Report: Business should be more aggressive about education changes
In light of the recent dust-up over the Pinellas Education Foundation's efforts to advise school board members on collective bargaining, this new report from the U.S. Chamber of Commerce seems especially timely. Businesses need to stop "carrying water" for local school districts, it says, and instead get into the nitty gritty of issues and aggressively push for changes.
Here's one of the report's recommendations: "Don't shy away from policy and politics. Business leaders have a natural inclination to stay out of heated education debates. But school systems are public agencies spending public dollars to serve the public's children. Serious reform requires changing policy, and that means political debate. Linda Noonan, executive director of MBAE (the Massachusetts Business Alliance for Education, one of three local business groups profiled in the report), said, 'In one community, (local business leaders) asked, 'What would the superintendent think?' when we approached them about a policy change. The answer should be. 'Who cares?' ... The value of an external partner is to provide cover, outside perspective, (and) pressure.' "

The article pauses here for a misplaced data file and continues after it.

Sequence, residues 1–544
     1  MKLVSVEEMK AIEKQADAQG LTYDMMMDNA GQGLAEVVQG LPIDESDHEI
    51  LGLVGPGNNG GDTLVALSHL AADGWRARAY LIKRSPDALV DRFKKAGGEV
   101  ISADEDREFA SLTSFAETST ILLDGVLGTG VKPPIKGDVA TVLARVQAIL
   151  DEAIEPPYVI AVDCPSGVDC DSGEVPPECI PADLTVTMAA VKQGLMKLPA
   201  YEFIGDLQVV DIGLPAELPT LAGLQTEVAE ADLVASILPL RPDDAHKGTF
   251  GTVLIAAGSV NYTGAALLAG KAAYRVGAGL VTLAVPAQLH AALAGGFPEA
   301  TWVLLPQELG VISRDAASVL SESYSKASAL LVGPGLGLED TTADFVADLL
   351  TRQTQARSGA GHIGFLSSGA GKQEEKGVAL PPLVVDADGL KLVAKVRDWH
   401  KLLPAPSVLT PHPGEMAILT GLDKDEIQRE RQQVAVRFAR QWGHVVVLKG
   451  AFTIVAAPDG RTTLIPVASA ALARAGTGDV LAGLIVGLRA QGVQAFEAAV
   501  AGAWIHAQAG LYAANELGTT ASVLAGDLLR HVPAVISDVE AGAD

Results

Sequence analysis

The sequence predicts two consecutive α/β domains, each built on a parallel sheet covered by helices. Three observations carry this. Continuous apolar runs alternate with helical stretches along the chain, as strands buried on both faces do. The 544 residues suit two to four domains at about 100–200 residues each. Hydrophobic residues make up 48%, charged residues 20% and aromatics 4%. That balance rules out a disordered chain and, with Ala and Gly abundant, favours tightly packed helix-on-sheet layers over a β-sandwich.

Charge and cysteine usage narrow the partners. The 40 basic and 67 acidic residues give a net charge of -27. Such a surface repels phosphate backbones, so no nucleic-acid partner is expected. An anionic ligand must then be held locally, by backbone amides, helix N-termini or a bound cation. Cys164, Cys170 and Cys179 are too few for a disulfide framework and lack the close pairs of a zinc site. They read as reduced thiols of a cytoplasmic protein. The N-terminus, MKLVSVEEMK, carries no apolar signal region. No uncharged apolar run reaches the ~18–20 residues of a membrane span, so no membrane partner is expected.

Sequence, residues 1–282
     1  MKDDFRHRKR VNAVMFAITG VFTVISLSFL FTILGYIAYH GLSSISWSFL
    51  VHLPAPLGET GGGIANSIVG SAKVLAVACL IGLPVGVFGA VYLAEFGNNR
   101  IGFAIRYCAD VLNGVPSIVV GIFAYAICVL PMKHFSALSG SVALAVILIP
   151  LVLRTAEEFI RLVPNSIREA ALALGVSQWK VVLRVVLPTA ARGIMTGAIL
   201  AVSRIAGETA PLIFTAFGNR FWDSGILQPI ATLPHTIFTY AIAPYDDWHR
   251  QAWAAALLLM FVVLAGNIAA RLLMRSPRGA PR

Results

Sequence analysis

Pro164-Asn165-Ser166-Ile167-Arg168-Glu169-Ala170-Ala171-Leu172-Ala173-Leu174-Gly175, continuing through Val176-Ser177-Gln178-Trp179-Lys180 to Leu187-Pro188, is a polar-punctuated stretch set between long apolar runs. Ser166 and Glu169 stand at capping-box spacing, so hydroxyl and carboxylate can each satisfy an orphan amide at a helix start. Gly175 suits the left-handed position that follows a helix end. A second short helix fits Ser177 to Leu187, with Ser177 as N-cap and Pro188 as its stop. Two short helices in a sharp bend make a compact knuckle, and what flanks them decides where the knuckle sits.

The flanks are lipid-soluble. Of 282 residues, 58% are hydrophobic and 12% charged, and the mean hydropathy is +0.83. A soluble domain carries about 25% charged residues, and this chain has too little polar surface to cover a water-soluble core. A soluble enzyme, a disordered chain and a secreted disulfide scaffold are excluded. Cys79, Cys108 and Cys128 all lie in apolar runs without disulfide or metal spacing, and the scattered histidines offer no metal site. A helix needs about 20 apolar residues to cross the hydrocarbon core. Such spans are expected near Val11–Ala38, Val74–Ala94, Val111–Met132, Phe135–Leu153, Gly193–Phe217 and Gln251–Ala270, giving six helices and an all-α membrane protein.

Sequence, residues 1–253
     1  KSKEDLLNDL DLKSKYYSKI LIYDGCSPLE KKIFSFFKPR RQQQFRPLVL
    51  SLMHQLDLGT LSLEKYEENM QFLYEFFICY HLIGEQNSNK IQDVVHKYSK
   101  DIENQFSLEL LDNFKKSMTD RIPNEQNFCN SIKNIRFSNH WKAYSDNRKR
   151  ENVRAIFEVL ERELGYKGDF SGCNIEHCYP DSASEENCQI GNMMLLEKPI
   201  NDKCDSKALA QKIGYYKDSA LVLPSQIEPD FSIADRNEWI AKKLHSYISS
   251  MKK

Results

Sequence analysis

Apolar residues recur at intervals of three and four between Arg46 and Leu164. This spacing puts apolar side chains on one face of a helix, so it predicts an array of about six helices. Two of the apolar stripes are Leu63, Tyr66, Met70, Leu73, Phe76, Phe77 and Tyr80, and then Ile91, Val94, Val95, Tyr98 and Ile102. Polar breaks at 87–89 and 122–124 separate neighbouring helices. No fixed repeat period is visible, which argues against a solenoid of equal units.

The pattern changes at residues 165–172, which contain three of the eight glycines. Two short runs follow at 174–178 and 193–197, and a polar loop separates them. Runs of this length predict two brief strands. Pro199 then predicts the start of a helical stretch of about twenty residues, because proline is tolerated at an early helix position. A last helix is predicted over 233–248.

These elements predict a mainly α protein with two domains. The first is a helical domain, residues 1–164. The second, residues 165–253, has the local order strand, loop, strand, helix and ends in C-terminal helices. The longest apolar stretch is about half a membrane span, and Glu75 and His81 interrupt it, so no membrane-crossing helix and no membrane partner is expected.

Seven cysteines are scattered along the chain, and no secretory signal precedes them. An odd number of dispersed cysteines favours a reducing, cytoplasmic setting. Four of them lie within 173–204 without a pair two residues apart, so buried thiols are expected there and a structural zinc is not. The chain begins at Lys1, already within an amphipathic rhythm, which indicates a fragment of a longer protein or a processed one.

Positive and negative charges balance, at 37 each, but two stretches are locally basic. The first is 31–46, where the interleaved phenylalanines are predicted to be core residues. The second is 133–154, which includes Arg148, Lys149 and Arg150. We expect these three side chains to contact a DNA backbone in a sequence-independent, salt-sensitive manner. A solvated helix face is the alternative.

Here's another: "Be a partner, not a pawn. Partnership is a two-way street. Working with school districts or policymakers doesn't mean carrying their water; it means settling on shared objectives and pursuing them jointly. Drew Scheberle, senior vice president of education and talent development for the Austin Chamber, said, 'We had to have the moment when (Austin Independent School District) knew we were willing to walk away. We gave them a list of non-negotiables (and) said, 'If you want (our support), then you have to do these things. If you don't, we're out.' "